Claustrophobia vs. Freedom


Time and time again, when people discover I am a scuba dive instructor, many respond with “Oh, I would love to try it, but I am claustrophobic”.  For many who haven’t experienced it, scuba diving instills a feeling that they are trapped, confined and restricted.  They see diving as being trapped under so many feet of water and confined behind their mask and their movements restricted.  Diving is a sport that is fundamentally psychological where your mind is actively involved in all the physical components as well.

For me, as soon as I enter the water and begin to descend below the surface, air slowly being released from my lungs in the form of bubbles, I am embraced by a gentle sense of peace.  Movements are slow underwater and the hectic sounds of the day are removed and engulfed by my everlasting companion, the water.  Even when the ocean is rough and seems to be pushing me around, I give myself to him and trust my experience and instinct to move with him and vow not to fight him and the encounter is always better below the surface.

At the bottom of the ocean, hovering just above the sea bottom, a new and fascinating world is exposed.  Colours that don’t exist on the surface with animals seemingly hand-painted by some concealed artist flick in and out of coral crevices oblivious to my unseemly presence.  In pairs, butterfly fish dart over the reef in a life they will live together forever.  Opposite to feeling entrapped, a sense of freedom is unleashed upon me as I glide through a medium others believe to be inhibiting.  Drifting through water is what I imagine a bird feels like who soars through the sky, but only slower and more meditative.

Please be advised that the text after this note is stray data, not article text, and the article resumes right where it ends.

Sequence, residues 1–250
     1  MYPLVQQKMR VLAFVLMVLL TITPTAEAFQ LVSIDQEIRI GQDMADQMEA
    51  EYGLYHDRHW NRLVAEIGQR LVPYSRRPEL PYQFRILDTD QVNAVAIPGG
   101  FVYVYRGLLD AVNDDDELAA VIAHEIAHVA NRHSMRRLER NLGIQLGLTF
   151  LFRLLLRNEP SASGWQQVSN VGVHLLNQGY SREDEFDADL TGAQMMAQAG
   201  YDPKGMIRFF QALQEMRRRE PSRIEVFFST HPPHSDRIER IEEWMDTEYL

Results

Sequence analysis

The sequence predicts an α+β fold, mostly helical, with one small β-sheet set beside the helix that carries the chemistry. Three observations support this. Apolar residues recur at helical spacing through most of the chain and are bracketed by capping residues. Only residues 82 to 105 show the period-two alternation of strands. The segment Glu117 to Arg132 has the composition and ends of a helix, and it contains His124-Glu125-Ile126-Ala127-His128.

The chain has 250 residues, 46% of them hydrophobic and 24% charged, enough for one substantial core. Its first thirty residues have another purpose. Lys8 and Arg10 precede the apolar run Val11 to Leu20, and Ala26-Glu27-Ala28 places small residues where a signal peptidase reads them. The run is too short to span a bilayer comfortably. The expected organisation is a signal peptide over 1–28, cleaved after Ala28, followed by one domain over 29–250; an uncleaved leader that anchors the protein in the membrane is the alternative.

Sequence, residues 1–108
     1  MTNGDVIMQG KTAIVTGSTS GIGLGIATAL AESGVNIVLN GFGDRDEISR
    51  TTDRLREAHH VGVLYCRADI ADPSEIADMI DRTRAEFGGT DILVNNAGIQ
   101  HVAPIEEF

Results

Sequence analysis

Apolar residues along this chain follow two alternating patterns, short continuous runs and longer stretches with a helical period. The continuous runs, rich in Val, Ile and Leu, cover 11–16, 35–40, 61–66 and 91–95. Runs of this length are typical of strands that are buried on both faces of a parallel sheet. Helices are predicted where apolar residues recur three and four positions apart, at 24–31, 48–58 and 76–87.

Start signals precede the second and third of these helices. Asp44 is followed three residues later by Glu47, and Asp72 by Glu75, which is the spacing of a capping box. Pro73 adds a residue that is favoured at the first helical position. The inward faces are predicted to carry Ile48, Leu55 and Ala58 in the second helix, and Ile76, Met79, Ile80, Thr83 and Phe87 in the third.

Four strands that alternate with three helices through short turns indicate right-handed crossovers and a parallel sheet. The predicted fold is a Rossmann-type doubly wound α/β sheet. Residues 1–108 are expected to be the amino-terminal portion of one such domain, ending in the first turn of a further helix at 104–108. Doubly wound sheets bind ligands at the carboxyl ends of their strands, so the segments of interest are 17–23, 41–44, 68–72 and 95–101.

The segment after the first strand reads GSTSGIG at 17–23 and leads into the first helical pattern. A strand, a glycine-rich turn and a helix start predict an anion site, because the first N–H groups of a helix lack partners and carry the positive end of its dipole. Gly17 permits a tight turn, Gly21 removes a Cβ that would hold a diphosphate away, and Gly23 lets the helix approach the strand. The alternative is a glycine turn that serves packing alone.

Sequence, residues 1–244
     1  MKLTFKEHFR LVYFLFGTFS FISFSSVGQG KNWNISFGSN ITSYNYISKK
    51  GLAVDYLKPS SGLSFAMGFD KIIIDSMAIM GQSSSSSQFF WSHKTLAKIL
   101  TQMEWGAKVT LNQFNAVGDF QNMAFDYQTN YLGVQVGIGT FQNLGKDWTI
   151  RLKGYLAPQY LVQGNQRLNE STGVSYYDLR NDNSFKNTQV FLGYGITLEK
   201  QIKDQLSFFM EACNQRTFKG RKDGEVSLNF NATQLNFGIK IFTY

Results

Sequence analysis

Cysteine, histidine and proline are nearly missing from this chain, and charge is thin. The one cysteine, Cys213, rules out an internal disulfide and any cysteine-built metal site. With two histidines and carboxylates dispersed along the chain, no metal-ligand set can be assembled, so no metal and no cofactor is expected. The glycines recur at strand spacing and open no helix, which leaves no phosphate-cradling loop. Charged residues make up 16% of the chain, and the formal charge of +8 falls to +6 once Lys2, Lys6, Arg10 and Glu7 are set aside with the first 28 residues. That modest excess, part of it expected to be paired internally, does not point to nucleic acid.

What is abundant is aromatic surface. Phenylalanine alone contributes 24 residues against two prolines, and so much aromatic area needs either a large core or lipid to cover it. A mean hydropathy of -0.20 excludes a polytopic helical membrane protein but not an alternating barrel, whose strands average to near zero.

When you learn to dive, for many, there can be overwhelming feelings of excitement, apprehension, exhilaration and even downright fear.  Not to mention, there tends to be an added dose of adrenaline thrown into the mix.  These can be alleviated significantly when you take your dive training with someone you trust and who is attentive to your learning.  The more you dive, the more tranquil the experience will be and the trust that, in the beginning, you give to your instructor or guide becomes the trust you have in yourself.



Judy and Mia at Canyon